Siim Kallas, the Reform Party's candidate for prime minister, has bowed out, saying he will not form the next government because of what he called a smear campaign.
He announced the decision this morning after a meeting of the Reform Party board, just as the Reform Party representatives were due to head to Kadriorg for an 11:00 meeting with Toomas Hendrik Ilves.
"Since the moment that someone got it into their head that I could be the next prime minister of the Republic of Estonia, a media campaign was launched. It has become especially bad now. There is no reason to think this campaign won't continue," Kallas said in a media statement.
"A situation has arisen where instead of dealing with decisions that pertain to Estonian life, both my loyal assistants and I spend endless time countering accusations, suspicions, all sorts of questions, finally resulting in the opinion that the 'explanations were not sufficient,'" he said.
"A prime minister cannot work effectively in such a situation. It's a burden on the party, Cabinet and coalition partner."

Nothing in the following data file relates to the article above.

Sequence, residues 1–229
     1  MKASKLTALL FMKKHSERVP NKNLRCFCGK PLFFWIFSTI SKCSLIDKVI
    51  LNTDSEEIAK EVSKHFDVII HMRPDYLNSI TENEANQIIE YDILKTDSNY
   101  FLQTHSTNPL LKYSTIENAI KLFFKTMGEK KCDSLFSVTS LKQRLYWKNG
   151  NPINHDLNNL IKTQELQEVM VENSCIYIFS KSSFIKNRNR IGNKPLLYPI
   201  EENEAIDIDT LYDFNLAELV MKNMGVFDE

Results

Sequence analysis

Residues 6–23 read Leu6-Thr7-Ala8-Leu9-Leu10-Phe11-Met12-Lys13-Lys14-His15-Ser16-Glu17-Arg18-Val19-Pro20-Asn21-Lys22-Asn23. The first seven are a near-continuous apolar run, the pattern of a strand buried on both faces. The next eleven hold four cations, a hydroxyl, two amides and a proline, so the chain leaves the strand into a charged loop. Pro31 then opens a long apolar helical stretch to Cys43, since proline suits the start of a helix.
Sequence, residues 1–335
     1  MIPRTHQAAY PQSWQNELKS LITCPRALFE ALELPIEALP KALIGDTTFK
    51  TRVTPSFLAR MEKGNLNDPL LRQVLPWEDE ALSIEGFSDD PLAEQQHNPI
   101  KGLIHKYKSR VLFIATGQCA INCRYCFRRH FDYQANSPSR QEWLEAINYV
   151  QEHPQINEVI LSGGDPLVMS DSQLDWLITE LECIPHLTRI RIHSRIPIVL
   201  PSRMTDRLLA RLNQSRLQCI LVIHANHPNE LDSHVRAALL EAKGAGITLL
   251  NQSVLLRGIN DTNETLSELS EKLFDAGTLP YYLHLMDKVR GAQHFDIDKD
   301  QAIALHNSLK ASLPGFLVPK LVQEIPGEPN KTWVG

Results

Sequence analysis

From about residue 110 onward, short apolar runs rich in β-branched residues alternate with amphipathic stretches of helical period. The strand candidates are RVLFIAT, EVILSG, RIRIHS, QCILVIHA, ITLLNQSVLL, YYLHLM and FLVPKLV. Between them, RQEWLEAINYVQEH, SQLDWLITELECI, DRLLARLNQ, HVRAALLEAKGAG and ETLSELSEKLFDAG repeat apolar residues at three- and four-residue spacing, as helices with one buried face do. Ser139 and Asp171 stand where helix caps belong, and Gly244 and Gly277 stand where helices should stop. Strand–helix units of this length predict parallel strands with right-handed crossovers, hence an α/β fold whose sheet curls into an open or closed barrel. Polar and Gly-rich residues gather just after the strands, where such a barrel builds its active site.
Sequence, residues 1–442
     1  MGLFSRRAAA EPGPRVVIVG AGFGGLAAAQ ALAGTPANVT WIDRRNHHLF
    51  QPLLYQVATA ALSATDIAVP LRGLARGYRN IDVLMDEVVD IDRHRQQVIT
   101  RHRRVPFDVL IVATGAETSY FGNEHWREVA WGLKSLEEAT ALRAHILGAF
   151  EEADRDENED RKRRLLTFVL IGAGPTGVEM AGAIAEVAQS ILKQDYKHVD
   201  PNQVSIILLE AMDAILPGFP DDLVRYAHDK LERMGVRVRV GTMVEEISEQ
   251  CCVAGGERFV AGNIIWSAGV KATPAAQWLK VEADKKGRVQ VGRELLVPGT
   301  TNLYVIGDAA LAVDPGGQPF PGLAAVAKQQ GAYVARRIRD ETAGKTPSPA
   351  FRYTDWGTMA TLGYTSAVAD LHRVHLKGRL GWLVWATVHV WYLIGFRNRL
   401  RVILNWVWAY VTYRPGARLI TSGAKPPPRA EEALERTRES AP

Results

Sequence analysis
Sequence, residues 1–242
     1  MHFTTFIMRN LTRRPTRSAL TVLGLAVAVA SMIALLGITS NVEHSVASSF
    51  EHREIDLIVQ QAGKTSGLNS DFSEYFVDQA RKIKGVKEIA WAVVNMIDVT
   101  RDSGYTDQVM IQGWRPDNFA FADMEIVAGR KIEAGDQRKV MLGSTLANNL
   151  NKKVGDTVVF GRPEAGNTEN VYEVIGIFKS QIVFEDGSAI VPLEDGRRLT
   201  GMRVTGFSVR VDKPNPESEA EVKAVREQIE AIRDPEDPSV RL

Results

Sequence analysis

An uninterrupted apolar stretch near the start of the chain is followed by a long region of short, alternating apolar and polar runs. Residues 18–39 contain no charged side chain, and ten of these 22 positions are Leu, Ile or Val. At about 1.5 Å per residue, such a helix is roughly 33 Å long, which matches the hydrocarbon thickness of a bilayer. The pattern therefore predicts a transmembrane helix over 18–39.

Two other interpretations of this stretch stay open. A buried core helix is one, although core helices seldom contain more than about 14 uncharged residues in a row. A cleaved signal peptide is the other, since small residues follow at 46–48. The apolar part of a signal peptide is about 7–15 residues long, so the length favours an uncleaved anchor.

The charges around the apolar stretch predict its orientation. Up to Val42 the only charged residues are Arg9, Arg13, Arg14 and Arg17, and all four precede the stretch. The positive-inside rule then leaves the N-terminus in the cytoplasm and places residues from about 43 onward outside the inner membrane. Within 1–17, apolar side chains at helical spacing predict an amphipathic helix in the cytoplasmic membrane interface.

Kallas said he believed that the Reform Party and Social Democrats could still form the next government based on the coalition-building talks to date.
Possible names floated by observers for prime minister include several of the Reform Party's "30-something" ministers, such as current Foreign Minister Urmas Paet, who is the most popular Reform Party figure among the public.
Kallas is currently serving as European Commissioner for Transport. He is also one of five vice-presidents of the 27-member “Barroso Commission,” named after its president, José Manuel Barroso, in which he is has focused on the work of the Administrative Affairs, Audit and Anti-Fraud Commission.
Kallas was prime minister between January 28, 2002, and April 10, 2003, taking over the office from Mart Laar. Kallas's successor was Juhan Parts.
He also has held positions as the Estonian Minister of Finance, Estonian Minister of Foreign Affairs, and member of the parliament. Kallas was a member and a former leader of the Reform Party. During the Soviet era, he was chairman of the Estonian Confederation of Trade Unions, and member of the Supreme Council of the Soviet Union.